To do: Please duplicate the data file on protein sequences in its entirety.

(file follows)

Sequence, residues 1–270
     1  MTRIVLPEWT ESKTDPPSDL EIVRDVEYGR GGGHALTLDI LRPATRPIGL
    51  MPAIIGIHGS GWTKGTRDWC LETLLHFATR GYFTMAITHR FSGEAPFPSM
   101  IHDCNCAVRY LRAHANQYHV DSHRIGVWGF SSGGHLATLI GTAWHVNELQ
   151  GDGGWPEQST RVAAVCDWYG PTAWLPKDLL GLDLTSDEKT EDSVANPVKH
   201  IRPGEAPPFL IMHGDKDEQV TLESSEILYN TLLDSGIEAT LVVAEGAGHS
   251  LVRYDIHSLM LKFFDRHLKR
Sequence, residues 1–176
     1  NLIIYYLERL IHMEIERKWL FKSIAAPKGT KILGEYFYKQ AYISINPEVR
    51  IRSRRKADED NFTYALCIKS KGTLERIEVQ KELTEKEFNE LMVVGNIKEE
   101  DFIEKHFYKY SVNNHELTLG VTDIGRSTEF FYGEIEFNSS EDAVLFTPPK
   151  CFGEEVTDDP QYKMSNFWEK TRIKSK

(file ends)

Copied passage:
Sequence, residues 1–270
     1  MTRIVLPEWT ESKTDPPSDL EIVRDVEYGR GGGHALTLDI LRPATRPIGL
    51  MPAIIGIHGS GWTKGTRDWC LETLLHFATR GYFTMAITHR FSGEAPFPSM
   101  IHDCNCAVRY LRAHANQYHV DSHRIGVWGF SSGGHLATLI GTAWHVNELQ
   151  GDGGWPEQST RVAAVCDWYG PTAWLPKDLL GLDLTSDEKT EDSVANPVKH
   201  IRPGEAPPFL IMHGDKDEQV TLESSEILYN TLLDSGIEAT LVVAEGAGHS
   251  LVRYDIHSLM LKFFDRHLKR
Sequence, residues 1–176
     1  NLIIYYLERL IHMEIERKWL FKSIAAPKGT KILGEYFYKQ AYISINPEVR
    51  IRSRRKADED NFTYALCIKS KGTLERIEVQ KELTEKEFNE LMVVGNIKEE
   101  DFIEKHFYKY SVNNHELTLG VTDIGRSTEF FYGEIEFNSS EDAVLFTPPK
   151  CFGEEVTDDP QYKMSNFWEK TRIKSK